Never in my life have I seen such wonderful eyes! One might construct a whole astronomy out of them. Every changeful mood was there reflected; so I have called them "Eyes like the Sea." When first I met pretty Bessy, we were both children. She was twelve years old, I was a hobbledehoy of sixteen. We were learning dancing together. A Frenchman had taken up his quarters in our town, an itinerant dancing-master, who set the whole place in a whirl. His name was Monsieur Galifard. He had an extraordinarily large head, a bronzed complexion, eyebrows running into each other, and short legs; and on the very tip of his large aquiline nose was a big wart. Yet, for all that, he was really charming. Whenever he danced or spoke, he instantly became irresistible. All our womankind came thither on his account; all of them I say, from nine years old and upwards to an age that was quite incalculable. I recall the worthy man with the liveliest gratitude. I have to thank him for the waltz and the quadrille, as well as for the art of picking up a fallen fan without turning my back upon the lady. Bessy was the master's greatest trouble. She would never keep time; she would never take to the elegant "pli," and he could never wean her from her wild and frolicsome ways. Woe to the dancer who became her partner!
Mór Jókai - A Hungarian Nabob
It is nasty, dirty weather outside there on the puszta; the sky is cloudy, the earth muddy, the rain has been falling for two weeks incessantly, as if by special command. There are inundations and submersions everywhere; rushes are growing instead of wheat, the stork is ploughing, the duck is fishing all over the precious sea-like expanse. "This judgment weather began on St. Medardus' Day, and will last now for forty days longer, but if it does last, I know not where we are to find the Noah to save man and beast from a partial deluge."
Mór Jókai - Debts of Honor
At that time I was but ten years old, my brother Lorand sixteen; our dear mother was still young, and father, I well remember, no more than thirty-six. Our grandmother, on my father's side, was also of our party, and at that time was some sixty years of age; she had lovely thick hair, of the pure whiteness of snow. In my childhood I had often thought how dearly the angels must love those who keep their hair so beautiful and white; and used to have the childish belief that one's hair grows white from abundance of joy. It is true, we never had any sorrow; it seemed as if our whole family had contracted some secret bond of unity, whereby each member thereof bound himself to cause as much joy and as little sorrow as possible to the others.
Mór Jókai - The Baron's Sons
The post-prandial orator was in the midst of his toast, the champagne-foam ran over the edge of his glass and trickled down his fat fingers, his lungs were expanded and his vocal chords strained to the utmost in the delivery of the well-rounded period upon which he was launched, and the blood was rushing to his head in the generous enthusiasm of the moment. In that brilliant circle of guests every man held his hand in readiness on the slender stem of his glass and waited, all attention, for the toast to come to an end in a final dazzling display of oratorical pyrotechnics. The attendants hastened to fill the half-empty glasses, and the leader of the gypsy orchestra, which was stationed at the farther end of the hall, held his violin-bow in the air, ready to fall in at the right moment with a burst of melody that should drown the clinking of glasses at the close of the toast.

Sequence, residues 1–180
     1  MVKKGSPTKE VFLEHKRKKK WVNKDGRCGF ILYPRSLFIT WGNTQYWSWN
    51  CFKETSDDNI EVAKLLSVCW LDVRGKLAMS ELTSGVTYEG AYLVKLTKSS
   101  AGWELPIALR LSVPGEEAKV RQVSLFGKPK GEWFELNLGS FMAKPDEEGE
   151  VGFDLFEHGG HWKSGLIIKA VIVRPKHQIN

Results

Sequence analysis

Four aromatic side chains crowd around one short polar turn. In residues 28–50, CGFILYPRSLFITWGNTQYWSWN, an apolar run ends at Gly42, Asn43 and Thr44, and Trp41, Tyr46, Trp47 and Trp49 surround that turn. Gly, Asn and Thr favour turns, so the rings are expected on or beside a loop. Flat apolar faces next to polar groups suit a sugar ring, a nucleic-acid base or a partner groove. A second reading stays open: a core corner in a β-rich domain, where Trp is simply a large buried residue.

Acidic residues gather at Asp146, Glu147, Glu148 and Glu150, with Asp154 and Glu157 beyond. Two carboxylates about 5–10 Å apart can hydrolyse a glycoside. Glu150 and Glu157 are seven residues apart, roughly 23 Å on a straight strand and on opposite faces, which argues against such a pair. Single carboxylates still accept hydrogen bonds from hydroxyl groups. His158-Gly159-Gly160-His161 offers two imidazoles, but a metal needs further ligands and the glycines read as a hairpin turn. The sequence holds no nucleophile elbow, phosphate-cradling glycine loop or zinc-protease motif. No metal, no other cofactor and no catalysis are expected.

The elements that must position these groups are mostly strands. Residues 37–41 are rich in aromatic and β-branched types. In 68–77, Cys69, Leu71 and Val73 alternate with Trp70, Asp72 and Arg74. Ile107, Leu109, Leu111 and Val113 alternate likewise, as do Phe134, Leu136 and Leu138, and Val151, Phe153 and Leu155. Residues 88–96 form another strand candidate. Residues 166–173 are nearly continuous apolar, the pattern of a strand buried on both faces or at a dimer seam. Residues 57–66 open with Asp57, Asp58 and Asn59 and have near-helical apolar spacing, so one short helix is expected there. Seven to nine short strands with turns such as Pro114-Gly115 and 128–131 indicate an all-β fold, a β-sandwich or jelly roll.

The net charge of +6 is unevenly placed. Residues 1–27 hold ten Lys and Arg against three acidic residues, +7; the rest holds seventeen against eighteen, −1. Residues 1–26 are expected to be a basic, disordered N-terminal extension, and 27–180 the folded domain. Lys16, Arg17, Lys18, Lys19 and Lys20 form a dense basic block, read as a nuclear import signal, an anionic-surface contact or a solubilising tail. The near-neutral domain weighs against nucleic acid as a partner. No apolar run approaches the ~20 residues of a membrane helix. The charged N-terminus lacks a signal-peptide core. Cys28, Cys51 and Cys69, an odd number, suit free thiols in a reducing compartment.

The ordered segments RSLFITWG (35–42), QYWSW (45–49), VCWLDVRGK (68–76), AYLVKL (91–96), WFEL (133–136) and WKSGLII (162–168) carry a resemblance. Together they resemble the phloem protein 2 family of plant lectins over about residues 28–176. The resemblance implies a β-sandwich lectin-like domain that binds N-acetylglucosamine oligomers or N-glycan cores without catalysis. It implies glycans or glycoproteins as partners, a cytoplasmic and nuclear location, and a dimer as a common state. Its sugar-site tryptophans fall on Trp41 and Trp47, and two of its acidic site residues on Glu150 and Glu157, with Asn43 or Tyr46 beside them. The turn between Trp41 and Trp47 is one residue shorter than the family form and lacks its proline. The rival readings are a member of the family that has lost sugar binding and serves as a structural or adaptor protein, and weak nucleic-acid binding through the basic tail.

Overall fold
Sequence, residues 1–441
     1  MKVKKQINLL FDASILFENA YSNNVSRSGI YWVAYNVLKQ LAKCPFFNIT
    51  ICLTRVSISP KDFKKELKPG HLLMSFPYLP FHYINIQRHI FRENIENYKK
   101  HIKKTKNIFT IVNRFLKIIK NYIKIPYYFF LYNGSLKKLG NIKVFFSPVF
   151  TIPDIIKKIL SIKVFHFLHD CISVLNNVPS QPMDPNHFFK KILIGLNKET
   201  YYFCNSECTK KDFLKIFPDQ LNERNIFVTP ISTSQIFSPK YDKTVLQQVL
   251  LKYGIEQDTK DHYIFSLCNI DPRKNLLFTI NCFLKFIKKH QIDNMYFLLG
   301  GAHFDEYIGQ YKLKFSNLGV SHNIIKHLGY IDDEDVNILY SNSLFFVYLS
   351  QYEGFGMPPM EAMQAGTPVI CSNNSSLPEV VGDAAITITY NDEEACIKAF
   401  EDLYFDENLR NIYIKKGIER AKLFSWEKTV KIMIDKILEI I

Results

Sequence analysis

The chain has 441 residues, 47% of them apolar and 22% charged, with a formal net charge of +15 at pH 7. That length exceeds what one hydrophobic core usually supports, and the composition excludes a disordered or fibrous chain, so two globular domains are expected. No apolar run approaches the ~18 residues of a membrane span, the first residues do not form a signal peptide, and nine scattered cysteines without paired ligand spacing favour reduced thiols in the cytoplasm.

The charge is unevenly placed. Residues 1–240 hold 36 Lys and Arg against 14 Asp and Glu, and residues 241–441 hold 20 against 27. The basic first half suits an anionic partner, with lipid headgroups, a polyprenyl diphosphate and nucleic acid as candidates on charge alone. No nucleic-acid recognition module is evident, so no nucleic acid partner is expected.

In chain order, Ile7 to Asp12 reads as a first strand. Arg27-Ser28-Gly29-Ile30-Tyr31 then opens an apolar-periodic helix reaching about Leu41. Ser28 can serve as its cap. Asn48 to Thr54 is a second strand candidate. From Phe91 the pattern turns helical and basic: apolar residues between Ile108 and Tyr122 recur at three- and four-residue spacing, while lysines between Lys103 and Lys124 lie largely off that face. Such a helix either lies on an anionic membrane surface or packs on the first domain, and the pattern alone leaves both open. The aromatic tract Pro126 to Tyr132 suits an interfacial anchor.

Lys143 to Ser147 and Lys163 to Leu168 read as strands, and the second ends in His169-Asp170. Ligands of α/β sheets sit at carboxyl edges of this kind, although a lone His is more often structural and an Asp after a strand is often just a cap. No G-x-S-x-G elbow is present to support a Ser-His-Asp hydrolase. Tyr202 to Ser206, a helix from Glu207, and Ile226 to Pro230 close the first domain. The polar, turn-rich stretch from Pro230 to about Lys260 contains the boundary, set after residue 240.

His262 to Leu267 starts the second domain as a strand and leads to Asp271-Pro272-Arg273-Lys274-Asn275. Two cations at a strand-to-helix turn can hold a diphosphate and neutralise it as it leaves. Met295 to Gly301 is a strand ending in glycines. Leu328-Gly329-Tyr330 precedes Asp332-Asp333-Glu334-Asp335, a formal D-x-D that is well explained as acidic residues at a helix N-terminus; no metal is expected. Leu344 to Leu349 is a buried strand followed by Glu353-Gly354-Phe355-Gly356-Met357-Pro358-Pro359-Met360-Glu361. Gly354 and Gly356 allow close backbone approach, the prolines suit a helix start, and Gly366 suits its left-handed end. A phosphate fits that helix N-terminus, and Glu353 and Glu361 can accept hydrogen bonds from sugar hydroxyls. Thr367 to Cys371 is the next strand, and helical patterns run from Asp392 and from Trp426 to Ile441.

Mór Jókai - Told by the Death's Head
The hero of our romantic narrative, or better, narratives, was a constable. Not one of that useful class appointed, in our day, to direct the vehicles which pass over the two approaches to the suspension-bridge in Budapest; rather, he was the chief of a body whose task it is to provoke disturbance, who win all the more praise and glory the greater the havoc and destruction they create. In a word: he was a gunner. The chronicle of his exploits gives only his Christian name, which was "Hugo." In the year 1688, when the French beleaguered Coblentz, Hugo had charge of the battery in the outermost tower of Ehrenbreitstein fortress—the "Montalembert Tower." Coblentz and Ehrenbreitstein are opposite one another on the banks of the Rhine, as are Pesth and Ofen; and the Blocksberg looks down on us, as does the citadel of Ehrenbreitstein on Coblentz. The city, which is strongly fortified on all sides, had become accustomed to being beleaguered—now by the French, now by the Prussians; today by the Austrians, tomorrow by the Swedes. On the occasion of which I write, Coblentz was under a terrible fire from the French guns, which created great havoc in that portion of the city known as the "Old Town."